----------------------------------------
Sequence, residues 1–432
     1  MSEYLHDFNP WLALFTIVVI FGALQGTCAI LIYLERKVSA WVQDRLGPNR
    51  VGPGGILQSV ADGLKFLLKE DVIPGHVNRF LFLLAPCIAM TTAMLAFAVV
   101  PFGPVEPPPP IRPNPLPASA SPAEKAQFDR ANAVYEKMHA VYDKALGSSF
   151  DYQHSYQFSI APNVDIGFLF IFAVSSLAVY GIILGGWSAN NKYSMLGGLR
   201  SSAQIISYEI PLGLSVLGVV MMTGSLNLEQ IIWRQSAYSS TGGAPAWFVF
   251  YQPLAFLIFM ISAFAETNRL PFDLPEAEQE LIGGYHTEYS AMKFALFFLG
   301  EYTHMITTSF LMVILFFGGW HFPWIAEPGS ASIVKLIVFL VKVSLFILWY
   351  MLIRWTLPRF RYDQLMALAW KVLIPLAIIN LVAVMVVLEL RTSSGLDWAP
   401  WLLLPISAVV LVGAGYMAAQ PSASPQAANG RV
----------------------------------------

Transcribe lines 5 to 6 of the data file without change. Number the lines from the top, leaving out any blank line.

   151  DYQHSYQFSI APNVDIGFLF IFAVSSLAVY GIILGGWSAN NKYSMLGGLR
   201  SSAQIISYEI PLGLSVLGVV MMTGSLNLEQ IIWRQSAYSS TGGAPAWFVF